Thanks, and safe computing!

Why do some clients complain about the cost?

I always include an extended warranty whenever I sell a higher-end APC UPS battery backup device. I do this to safeguard my client’s investment in a piece of hardware designed to protect computer and network equipment from electrical mishaps.

Sometimes I get push-back from clients about the additional expense, and I take the time to explain what the extended warranty offers. Of course, I’m using a rational approach to try to offset an automatic response (i.e., a gut feeling), which – I realize – is not one that works well all the time.

But let me tell you about a recent incident with one APC UPS device.

A client was renovating one of their offices. As a result of the new design, the APC UPS ended up underneath a desktop counter with minimal airflow. I received an alert because the battery temperature had increased significantly – to the point where it would reduce the lifespan dramatically. So, I asked for a vent to be placed in that section of the desktop counter.

When the contractor came to do the work, he inadvertently sliced into the UPS with his jigsaw while cutting the opening in the desktop. The device went into battery-only mode because he had severed the electrical connection.

Without an extended warranty, here’s what would have happened. I could take advantage of the APC TradeUPS program to obtain a new device. In mid-2022, there is only a 5% discount ($469 -5% = $445). The model is heavy, so shipping is expensive ($50). And there’s the Bergen County recycling fee for batteries ($35). All in, this comes to $530 to replace a damaged device.

With an extended warranty, the replacement device is free, shipping is free, and the recycling fee is free. There is no cost for a warranty replacement.

An extended warranty costs approximately $120 when purchased with a new UPS. In addition to the unique situation my client experienced, an extended warranty lets you obtain a replacement battery, including free shipping and recycling, during the device’s warranty period. Consider that a replacement battery costs about $130 (not including shipping) without a warranty. As I’ve mentioned numerous times, a UPS battery will last between three and five years based on environmental conditions. That means during the life of the device, you might replace the battery at least once, and possibly twice.

There is no reason not to get an extended warranty when you buy a new UPS if one of your goals is to save money.

I received a phone call from a client who said that her laptop was running exceedingly slowly — even more so than usual. So I remoted in to take a quick look. I found a new icon on the taskbar that looked like a fat, folded Sunday newspaper. By way of definition, the taskbar contains the Start button, icons for pinned and running applications, and a system tray area that contains notification icons and a clock.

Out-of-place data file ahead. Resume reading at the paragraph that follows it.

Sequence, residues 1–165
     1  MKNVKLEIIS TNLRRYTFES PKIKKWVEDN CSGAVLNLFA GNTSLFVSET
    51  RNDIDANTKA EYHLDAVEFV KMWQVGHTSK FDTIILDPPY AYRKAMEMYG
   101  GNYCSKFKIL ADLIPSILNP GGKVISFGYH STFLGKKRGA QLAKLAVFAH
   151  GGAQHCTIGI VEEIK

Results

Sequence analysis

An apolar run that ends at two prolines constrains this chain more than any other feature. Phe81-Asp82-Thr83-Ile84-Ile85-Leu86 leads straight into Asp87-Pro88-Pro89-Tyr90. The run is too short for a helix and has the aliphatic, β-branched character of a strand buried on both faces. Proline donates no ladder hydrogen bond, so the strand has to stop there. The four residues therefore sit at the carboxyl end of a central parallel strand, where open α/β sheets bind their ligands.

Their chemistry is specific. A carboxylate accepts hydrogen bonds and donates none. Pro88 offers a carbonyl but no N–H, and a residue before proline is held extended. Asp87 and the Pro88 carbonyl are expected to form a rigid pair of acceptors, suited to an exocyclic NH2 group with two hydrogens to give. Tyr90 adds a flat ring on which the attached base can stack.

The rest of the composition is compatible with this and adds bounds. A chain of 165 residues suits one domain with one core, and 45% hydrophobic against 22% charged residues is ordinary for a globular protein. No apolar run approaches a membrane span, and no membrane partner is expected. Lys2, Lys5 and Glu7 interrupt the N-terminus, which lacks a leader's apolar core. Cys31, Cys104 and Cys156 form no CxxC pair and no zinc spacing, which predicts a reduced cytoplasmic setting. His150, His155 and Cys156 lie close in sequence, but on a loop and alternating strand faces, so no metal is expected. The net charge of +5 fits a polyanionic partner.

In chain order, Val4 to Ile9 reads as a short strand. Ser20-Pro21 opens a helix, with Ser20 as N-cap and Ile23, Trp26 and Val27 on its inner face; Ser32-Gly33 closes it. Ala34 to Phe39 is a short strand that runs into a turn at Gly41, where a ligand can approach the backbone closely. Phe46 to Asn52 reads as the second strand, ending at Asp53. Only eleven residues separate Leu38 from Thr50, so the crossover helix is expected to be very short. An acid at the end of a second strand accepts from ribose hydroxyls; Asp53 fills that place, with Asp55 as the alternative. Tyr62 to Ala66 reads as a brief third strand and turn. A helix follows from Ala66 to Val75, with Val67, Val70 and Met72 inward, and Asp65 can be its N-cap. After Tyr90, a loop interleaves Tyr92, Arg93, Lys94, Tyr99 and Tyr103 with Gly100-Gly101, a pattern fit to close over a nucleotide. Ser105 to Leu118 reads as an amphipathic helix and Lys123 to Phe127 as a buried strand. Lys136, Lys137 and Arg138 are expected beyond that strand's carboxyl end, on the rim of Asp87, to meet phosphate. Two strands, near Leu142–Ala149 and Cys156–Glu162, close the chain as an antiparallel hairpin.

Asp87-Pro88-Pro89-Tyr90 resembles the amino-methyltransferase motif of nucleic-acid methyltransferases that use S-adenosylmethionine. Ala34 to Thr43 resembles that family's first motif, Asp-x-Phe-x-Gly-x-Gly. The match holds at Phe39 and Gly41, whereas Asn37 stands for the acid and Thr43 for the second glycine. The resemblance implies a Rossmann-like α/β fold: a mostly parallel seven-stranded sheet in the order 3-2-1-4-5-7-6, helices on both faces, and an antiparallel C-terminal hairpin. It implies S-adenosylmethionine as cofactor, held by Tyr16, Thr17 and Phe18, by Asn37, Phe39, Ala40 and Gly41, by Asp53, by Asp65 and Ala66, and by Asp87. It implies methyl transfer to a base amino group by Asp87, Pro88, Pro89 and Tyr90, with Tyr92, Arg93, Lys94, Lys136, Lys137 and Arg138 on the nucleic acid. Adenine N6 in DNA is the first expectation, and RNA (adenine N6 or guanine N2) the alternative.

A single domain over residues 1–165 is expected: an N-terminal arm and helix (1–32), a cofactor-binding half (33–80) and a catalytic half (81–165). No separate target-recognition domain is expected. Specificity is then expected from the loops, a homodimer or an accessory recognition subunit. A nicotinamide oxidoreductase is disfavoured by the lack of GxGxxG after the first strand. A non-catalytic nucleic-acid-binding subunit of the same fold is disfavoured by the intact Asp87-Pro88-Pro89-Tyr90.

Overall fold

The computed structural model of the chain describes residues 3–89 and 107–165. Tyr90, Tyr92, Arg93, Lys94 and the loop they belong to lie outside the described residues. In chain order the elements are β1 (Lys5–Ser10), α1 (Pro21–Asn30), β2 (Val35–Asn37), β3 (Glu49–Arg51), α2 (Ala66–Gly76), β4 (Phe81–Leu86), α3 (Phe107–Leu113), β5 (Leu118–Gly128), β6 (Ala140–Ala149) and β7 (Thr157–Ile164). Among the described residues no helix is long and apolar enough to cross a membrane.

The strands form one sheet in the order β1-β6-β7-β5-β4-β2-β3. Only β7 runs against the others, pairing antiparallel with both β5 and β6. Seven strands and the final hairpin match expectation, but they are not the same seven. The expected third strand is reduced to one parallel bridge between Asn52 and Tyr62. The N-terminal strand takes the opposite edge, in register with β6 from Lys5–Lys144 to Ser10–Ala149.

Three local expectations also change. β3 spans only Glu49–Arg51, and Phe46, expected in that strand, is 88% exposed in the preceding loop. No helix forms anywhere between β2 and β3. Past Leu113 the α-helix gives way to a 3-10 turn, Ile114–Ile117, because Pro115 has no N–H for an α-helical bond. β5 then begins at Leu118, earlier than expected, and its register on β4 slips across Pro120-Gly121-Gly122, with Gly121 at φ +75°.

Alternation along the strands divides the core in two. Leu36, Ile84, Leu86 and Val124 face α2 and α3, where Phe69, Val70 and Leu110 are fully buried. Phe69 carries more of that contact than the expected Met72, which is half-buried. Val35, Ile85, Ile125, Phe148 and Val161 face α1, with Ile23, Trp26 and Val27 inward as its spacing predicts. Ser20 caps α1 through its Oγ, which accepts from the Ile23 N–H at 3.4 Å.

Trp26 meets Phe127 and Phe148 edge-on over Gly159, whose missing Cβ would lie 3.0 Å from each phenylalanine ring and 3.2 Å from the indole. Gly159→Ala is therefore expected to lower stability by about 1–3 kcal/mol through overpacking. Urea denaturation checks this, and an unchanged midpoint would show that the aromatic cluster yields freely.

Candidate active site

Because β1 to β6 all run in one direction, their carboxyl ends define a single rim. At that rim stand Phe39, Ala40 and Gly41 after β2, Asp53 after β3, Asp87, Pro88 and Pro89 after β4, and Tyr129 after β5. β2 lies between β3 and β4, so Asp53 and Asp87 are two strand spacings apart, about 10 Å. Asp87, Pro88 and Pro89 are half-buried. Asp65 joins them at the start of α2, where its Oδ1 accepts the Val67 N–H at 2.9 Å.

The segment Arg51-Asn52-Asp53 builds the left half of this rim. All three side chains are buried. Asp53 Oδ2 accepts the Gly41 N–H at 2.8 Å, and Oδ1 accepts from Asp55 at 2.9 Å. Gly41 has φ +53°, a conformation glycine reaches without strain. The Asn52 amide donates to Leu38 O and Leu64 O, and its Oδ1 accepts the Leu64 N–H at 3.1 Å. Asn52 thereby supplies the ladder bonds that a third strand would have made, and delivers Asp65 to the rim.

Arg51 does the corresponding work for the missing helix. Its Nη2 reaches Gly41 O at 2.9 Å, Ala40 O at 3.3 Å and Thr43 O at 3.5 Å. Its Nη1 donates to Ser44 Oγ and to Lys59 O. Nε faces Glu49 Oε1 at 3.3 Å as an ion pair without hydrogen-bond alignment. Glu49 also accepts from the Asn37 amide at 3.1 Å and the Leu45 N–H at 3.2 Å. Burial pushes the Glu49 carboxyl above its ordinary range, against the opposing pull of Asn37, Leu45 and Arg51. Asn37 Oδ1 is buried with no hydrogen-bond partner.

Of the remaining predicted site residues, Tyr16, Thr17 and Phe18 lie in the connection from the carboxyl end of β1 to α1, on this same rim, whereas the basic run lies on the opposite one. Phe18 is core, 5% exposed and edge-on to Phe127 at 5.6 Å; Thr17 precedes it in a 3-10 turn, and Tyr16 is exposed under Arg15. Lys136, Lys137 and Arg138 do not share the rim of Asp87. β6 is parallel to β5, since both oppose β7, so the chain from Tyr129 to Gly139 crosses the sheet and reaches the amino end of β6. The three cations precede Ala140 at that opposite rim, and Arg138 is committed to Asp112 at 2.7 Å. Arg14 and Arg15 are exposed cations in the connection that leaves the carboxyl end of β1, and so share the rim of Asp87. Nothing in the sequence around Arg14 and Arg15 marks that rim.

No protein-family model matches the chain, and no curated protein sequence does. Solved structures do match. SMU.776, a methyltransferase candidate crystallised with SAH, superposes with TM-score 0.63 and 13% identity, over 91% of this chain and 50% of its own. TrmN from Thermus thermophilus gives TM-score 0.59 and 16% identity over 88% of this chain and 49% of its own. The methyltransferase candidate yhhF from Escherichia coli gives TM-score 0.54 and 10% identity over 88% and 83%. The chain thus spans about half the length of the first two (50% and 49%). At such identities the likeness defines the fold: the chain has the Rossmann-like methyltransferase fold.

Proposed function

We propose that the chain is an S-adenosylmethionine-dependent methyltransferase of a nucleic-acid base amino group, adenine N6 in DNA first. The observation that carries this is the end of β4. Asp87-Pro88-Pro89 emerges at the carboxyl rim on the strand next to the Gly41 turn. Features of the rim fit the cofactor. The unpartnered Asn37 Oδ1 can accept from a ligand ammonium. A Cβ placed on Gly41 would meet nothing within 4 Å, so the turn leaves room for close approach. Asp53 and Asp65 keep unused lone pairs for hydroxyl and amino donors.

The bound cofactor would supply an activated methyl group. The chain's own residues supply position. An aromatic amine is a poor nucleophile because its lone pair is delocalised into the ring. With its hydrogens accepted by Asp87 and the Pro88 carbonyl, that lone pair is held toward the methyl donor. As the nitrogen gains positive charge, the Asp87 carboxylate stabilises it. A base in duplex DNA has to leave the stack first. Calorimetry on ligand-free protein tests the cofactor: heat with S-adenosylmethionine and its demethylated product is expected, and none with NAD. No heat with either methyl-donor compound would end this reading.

When I hovered my mouse over the icon, the tooltip said it was the Windows 10 News and Interests news feed. Once clicked, it opens a pane that displays various widgets that contain current news, weather, stock prices, and more based on your location. The initial download of all this “stuff” caused my client’s perception of slow response on her laptop.

I searched Google and after reading several articles, I learned how to eliminate this icon from appearing. Therefore, I am writing this article to teach you how to do the same thing when it “miraculously” appears on your computer.

But first, let’s be clear about one thing. Not one of you went and asked the folks at Redmond to install this. You didn’t explicitly agree to get the news, weather, and more on your desktop. And you certainly shouldn’t need to try — on your own — to figure out just how the heck to get rid of this intrusion. I don’t know what they were thinking. (Can you tell I’m annoyed by this nonsense?)

Here are the steps you can take to get rid of this and regain control of your taskbar:

  1. Right-click on any blank section of your taskbar. This will open the taskbar menu.
  2. Left-click the News and interests banner. This will open a fly-away menu.
  3. On the fly-away, left-click Turn off. This should disable this “feature.”

Now, I’ve read reports that the icon just shows up again after the computer is restarted. If you experience that, please let me know.

While you’re at it, if you see an icon that resembles a wristwatch, right-click that and select Hide. I don’t believe anyone needs the Meet Now function, a Skype quick meeting setup feature. If you still use Skype, you are usually talking to one person. When you need to engage with more people for discussions, you are most likely using Zoom (or Microsoft Teams).